“I wasn’t functioning, I was very reclusive and a total loner. I was just waiting for it to happen again and invariably, it did.” Back in hospital “I would struggle into the toilet and relieve myself, throw water on my face, wash my hands and head back to bed and put a pillow over my head”.

David didn’t eat, surviving mostly on high nutrition drinks.

For more, read page 27 of this week’s Galway City Tribune

Galway in Days Gone By

The way we were – Protecting archives of our past

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A photo of Galway city centre from the county council's archives

People’s living conditions less than 100 years ago were frightening. We have come a long way. We talk about water charges today, but back then the local District Councils were erecting pumps for local communities and the lovely town of Mountbellew, according to Council minutes, had open sewers,” says Galway County Council archivist Patria McWalter.

Patria believes we “need to take pride in our history, and we should take the same pride in our historical records as we do in our built heritage”. When you see the wealth of material in her care, this belief makes sense.

She is in charge of caring for the rich collection of administrative records owned by Galway County Council and says “these records are as much part of our history as the Rock of Cashel is. They document our lives and our ancestors’ lives. And nobody can plan for the future unless you learn from the past, what worked and what didn’t”.

Archivists and librarians are often unfairly regarded as being dry, academic types, but that’s certainly not true of Patria. Her enthusiasm is infectious as she turns the pages of several minute books from Galway’s Rural District Councils, all of them at least 100 years old.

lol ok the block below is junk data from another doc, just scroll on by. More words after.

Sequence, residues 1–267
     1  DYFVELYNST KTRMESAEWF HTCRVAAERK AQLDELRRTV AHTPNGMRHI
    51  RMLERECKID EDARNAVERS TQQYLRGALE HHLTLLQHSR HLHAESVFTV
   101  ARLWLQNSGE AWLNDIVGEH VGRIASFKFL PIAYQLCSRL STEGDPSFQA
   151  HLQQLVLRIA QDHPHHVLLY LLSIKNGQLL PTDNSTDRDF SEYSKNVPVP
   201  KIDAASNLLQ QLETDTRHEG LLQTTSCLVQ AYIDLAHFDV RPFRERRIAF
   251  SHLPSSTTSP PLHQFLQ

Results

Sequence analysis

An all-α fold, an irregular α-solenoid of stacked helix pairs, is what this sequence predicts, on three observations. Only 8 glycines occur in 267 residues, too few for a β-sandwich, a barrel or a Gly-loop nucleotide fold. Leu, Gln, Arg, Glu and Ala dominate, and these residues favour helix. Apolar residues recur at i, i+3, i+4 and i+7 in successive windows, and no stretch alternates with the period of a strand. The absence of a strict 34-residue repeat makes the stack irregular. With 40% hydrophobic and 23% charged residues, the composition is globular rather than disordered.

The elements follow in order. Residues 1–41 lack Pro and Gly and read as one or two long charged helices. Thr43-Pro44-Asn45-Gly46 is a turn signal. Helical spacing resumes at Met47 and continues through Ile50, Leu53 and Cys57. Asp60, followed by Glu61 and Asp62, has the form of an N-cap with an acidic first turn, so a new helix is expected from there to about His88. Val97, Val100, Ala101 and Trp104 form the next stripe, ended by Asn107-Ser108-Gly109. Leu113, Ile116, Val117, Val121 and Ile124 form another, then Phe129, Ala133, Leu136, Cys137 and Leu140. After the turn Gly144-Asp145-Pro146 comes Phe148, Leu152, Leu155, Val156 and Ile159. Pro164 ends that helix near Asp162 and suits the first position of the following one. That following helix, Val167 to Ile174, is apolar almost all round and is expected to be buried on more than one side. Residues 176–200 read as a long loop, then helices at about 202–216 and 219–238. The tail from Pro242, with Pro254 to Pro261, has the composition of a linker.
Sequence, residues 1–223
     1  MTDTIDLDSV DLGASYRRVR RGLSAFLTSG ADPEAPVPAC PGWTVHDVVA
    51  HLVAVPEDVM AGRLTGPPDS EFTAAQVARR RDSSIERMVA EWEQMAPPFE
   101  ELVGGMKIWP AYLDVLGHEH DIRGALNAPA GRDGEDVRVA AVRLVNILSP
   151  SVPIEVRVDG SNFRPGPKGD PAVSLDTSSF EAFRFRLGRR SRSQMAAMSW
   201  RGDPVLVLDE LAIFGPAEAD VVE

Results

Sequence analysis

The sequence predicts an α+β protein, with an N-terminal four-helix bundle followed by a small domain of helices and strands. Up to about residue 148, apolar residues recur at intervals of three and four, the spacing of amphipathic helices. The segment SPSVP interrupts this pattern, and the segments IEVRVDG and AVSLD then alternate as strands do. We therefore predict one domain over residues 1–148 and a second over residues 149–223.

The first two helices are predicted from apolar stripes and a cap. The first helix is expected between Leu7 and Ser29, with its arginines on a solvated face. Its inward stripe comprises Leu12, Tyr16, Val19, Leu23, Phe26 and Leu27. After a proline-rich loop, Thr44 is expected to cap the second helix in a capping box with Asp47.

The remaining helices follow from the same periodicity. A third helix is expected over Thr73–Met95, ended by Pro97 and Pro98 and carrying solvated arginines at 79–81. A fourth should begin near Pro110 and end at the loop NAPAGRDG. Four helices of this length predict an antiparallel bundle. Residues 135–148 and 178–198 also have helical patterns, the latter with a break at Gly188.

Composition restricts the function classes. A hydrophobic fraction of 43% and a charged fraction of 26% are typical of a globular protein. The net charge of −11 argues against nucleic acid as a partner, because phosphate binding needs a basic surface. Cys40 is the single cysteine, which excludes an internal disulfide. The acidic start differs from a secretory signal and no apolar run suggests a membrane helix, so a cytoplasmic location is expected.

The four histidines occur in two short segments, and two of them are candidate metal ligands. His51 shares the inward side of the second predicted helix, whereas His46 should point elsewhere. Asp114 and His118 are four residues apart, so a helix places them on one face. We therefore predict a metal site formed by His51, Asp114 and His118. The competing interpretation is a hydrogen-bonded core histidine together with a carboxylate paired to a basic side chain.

Part of her role involved cataloguing all the records of the Councils – Ballinasloe, Clifden, Galway, Gort, Loughrea, Mountbellew, Portumna and Tuam. These records mostly consisted of minutes of various meetings.

When she was cataloguing them she realised their worth to local historians and researchers, so she decided to compile a guide to their content. The result is For the Record: The Archives of Galway’s Rural District Councils, which will be a valuable asset to anybody with an interest in history.

Many representatives on these Councils were local personalities and several were arrested during the political upheaval of the era, she explains.

And, ushering in a new era in history, women were allowed to sit on these Rural District Councils – at the time they were not allowed to sit on County Councils.

All of this information is included in Patria’s introductory essay to the attractively produced A4 size guide, which gives a glimpse into how these Rural Councils operated and the way political thinking changed in Ireland during a short 26-year period. In the early 1900s, these Councils supported Home Rule, but by 1920, they were calling for full independence and refusing to recognise the British administration.

“I love the tone,” says Patria of the minutes from meetings. “The language was very emotive.”

That was certainly true of the Gort Rural District Council. At a meeting in 1907, following riots in Dublin at the premiere of JM Synge’s play, The Playboy of the Western World the councillors’ response was vehement. They recorded their decision to “protest most emphatically against the libellous comedy, The Playboy of the Western World, that was belched forth during the past week in the Abbey Theatre, Dublin, under the fostering care of Lady Gregory and Mr Yeats. We congratulate the good people of Dublin in howling down the gross buffoonery and immoral suggestions that are scattered throughout this scandalous performance.